George Kennedy
George Kennedy at the 2003 Academy Awards
George Kennedy
General Information
Birth Name: George Harris Kennedy, Jr.
Born: (1925-02-18)February 18, 1925
Birthplace: New York City, NY, U.S.
Died: February 28, 2016(2016-02-28) (aged 91)
Deathplace: Middleton, Idaho, U.S.
Appeared on/in
(or involved with):
  • Dallas (first series)
  • Dallas:J.R. Returns (1996 TV movie)
  • Dallas:War of the Ewings (1998 TV movie)
  • Episodes appeared in
    /involved with:
    74 in TV series

    George Kennedy (February 18, 1925 - February 28, 2016) appeared in the recurring role of Carter McKay, founder and former CEO of WestStar Oil, who proved to be a constant thorn in the side of J.R. Ewing, in the final two seasons of the CBS-TV series Dallas, appearing in a total of 74 episodes of the series. George reprised his role for the two CBS-TV movies, Dallas:J.R. Returns in 1996 and Dallas:War of the Ewings in 1998.

    Life and careerEdit

    Born in New York City, into a show business family, George's father, George Harris Kennedy Sr., a musician and orchestra leader, died when Kennedy was just four years old. He was raised by his mother, Helen A. (née Kieselbach), a ballet dancer. His maternal grandfather was a German immigrant; his ancestry also includes Irish and English.

    George made his stage debut at the age of two, later becoming a radio performer. Kennedy put aside show business during World War II and served in the United States Army for sixteen years, having seen combat and working in Armed Forces radio. He was involved with the opening of the first Army Information Office, which provided technical assistance to films and television shows such as The Phil Silvers Show.

    After a brief appearance in the 1960 film Spartacus, his film career began in 1961 in The Little Shepherd of Kingdom Come. He appeared in several Hollywood movies, including Charade (1963), Strait-Jacket (1964), ed the character "Blodgett" in a 1966 episode "Return to Lawrence" of the ABC western series The Legend of Jesse James.

    Gegrge's film appearances include Spartacus, Lonely Are the Brave, McHale's Navy (1964, based on the 1962-66 ABC-TV series of the same name), Hush Hush Sweet Charlotte, In Harm's Way, Shenandoah, The Sons of Katie Elder (1965, wiht John Wayne, Dean Martin, and Earl Holliman), The Flight of the Phoenix, The Dirty Dozen (1967), Cool Hand Luke (1967, for which he received an Academy Award for Best Supporting Actor), Bandolero! (1968), Guns of the Magnicent Seven, The Good Guys and the Bad Guys, The Boston Strangler (1970, with Tony Curtis), Airport, Dirty Dingus Magee, Lost Horizon, Thunderbolt and Lightfoot (1974, with Clint Eastwood), Airport 1975, Earthquake, The Eiger Sanction, Airport '77, Death on the Nile, The Concorde...Airport '79, The Delta Force, Creepshow 2.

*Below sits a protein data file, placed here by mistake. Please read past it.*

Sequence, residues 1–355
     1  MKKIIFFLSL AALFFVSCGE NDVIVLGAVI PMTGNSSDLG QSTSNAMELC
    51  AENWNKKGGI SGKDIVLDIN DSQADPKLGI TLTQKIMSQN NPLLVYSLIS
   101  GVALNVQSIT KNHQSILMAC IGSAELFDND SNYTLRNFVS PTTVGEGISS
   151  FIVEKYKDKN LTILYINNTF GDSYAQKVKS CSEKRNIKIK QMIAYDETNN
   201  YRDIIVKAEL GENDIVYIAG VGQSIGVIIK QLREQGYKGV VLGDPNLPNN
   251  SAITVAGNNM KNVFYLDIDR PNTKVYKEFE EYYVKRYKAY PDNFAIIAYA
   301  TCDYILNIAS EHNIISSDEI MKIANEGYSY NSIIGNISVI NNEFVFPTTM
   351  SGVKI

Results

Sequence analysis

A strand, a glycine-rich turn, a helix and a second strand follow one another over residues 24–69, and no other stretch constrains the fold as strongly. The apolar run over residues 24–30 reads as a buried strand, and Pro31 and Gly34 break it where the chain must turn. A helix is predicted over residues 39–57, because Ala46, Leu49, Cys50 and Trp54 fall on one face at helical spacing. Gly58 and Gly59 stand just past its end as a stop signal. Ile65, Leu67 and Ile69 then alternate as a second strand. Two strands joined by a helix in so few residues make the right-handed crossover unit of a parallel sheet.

Perhaps the most notable of George's most comical film roles was in The Naked Gun: From the Files of Police Squad! (1988) , where he played the role of Captain Ed Hocken opposite Leslie Nielsen's comical cop Frank Drebin. He would reprise his role as Ed Hocken in the film's two similarly high-grossing sequels, The Naked Gun 2 1/2: The Smell of Fear (1991), and The Naked Gun 33 1/3: The Final Insult (1994). Other notable film appearances included: Cats Don't Dance, Small Soldiers, View from the Top, Another Happy Day and The Gambler. He was awarded a star on the Hollywood Walk of Fame.

    Personal lifeEdit

    Kennedy resided in Eagle in Ada County in southwestern Idaho. He was married to Joan McCarthy and they have a daughter, Shaunna. The couple adopted their granddaughter, Taylor, after the incarceration of the child's mother.

    He was also good friends with James Stewart and his voice is featured in a TCM commercial commemorating Stewart.

    Kennedy was also a licensed pilot who enjoyed flying and owned a Cessna 210 and Beechcraft Bonanza.

    Death Edit

    Kennedy resided in Eagle, Idaho, at the time of his death. He died on the morning of Sunday, February 28, 2016, of a heart ailment[1] at an assisted living facility in Middleton, Idaho, at the age of 91.[2] He had a history of heart disease.[3][2]

    At the time of his death, Kennedy was the oldest living Oscar winner in the Best Supporting Actor category. Ironically, he died the day of the 88th Academy Awards ceremony.


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